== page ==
Overthrowing The Champions Of Mediocrity

Our children are under assault.  I’m not just talking about the every growing list of scandals plaguing our schools, that if they were happening in any other institution, the media would be all over it. This assault is also not just from the various experiments in teaching, or the ridiculous over-reactions we’ve seen recently over pastries that look like they were bitten into the shape of a gun. I shudder to think what idiocy is next.


It’s an assault of stripping our children’s joy in achievement, of having friends and excelling in academics and in sports. It’s the underlying push for political correctness to be demonstrated at in all areas of school life. It’s the seemingly never-ending list of championing of mediocrity in the name of ‘fairness’:

No in school birthday parties.

No hugging your friends.

A trophy for just playing.

Kids told not to brag or be happy when they receive a good grade – even in college.

No recognition of outstanding achievement.

No cheering at graduation.

The message here is conform. Be like your everyone else, don’t step out of line. Don’t strive, don’t win. Winning is not the goal here, just showing up is.  After all, it’s only fair.

I’m talking about the ‘everyone gets a trophy’ mentality and it’s killing our future, not just the future of our individual children, but the future of our nation. Political correctness is beating down the drive to succeed out of our kids. Political correctness is not performing a solo act here, social justice is also playing a role. Not surprising, since where you have one you usually have the other. Political correctness gets you to shut up and fall in line, then social justice moves in and makes sure you stay put.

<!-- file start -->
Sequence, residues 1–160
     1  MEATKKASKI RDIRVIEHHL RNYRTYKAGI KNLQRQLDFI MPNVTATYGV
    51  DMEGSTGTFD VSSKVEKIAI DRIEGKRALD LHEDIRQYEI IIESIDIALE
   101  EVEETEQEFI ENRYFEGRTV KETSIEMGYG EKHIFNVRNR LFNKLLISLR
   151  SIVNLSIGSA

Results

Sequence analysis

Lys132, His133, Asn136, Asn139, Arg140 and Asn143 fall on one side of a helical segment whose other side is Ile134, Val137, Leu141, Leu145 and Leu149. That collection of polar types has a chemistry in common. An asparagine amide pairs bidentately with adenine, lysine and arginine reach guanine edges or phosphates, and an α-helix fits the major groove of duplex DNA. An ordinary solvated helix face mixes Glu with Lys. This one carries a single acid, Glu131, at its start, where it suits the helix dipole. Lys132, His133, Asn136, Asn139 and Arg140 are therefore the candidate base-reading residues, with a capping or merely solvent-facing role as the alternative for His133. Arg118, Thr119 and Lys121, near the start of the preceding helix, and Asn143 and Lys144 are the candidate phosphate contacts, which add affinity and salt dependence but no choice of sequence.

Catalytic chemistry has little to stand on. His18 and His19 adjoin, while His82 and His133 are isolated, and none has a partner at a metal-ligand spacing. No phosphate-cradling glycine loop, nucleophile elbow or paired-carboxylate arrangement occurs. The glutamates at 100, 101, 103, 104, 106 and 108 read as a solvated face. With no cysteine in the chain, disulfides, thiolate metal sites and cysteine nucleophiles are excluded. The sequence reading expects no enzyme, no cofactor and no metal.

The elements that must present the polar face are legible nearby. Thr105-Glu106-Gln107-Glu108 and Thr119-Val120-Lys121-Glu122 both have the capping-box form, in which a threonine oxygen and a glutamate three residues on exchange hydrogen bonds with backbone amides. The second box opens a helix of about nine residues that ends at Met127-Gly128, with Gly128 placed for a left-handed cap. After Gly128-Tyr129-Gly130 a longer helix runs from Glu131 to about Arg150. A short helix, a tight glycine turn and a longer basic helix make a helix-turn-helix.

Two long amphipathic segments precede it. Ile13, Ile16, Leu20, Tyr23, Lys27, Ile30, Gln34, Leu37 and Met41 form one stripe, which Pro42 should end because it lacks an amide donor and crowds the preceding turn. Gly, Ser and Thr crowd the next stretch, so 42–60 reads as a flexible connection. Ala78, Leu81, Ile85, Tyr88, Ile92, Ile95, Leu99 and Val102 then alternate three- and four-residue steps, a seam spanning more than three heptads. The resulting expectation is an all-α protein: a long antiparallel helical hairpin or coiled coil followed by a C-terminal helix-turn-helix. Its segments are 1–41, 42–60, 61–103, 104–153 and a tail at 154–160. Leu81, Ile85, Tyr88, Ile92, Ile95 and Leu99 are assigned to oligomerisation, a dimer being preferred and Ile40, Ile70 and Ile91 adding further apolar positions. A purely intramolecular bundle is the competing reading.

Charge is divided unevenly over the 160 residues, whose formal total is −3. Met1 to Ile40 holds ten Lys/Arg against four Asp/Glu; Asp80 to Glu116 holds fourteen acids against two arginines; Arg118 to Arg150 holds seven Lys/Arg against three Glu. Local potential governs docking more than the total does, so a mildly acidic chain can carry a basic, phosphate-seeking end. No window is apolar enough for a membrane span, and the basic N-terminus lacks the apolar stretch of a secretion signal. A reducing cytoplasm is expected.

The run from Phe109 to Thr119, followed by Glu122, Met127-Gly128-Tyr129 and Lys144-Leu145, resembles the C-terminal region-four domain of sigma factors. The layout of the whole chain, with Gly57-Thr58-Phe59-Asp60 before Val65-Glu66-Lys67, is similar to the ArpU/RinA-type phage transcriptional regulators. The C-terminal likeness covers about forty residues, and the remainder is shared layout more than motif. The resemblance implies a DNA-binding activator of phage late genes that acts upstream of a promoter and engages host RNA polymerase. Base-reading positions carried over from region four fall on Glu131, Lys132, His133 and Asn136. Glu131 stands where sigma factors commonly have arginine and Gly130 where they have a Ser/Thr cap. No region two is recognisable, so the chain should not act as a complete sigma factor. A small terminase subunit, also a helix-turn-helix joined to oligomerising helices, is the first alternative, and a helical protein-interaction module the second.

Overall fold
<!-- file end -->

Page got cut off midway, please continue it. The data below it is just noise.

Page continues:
Now, let’s not get off on a some kind of tirade that just slams our schools. There is value there, albeit in diminishing returns. There is something to be said for encouraging a sense of community and team work. The idea of promoting equality, showing kindness and being thoughtful in how you treat your peers is important as well. These things are not my gripe.  My frustration is aimed more at the veil of the nanny state mentality being placed over the eyes of our children and that becoming the norm.

Our children are being told at home they are special and then at school, being told they are not. At school, they’re told they can do what everyone else can do, because no one is different or at least school makes it seem that way by manipulating the environment as seen in the above list. At school, it’s not hard work that rewarded, it’s maintaining the status quo of just doing what is required. The nudging of our kids to hone their own particular skill sets began decades ago. A hive-mind mentality is what is rewarded, not individual achievement. Equally disturbing is the idea that while no one can be rewarded for excellence, some can be exempted from discipline. So much for that ‘equality’ crap.

At home, kids are told they can be whatever they want to be if they just work hard. Parents are not faultless, however, and the evolution of the “helicopter” parent is a good example. How dare anyone cast a shadow on their little snowflakes? The idea that a kid can be all they can be, yet someone will help them even if they fail is simultaneously promoted. There is an underlying of a sense of entitlement being floated here.

There was a speech given at a commencement last year I’d like to share. It contains a bit of the ‘you’re not special‘  — in a way:

This teacher who gave this speech, in a way, shows both sides of the coin I’ve been trying to lay out here.  It’s a mixed bag of ‘life is hard, get over yourself’ and ‘you can do it if you try to do what you love’.  His speech is really about life becoming a big game of appearances and politics. Funnily enough, his own speech is a prime example of that. One section stood out for me: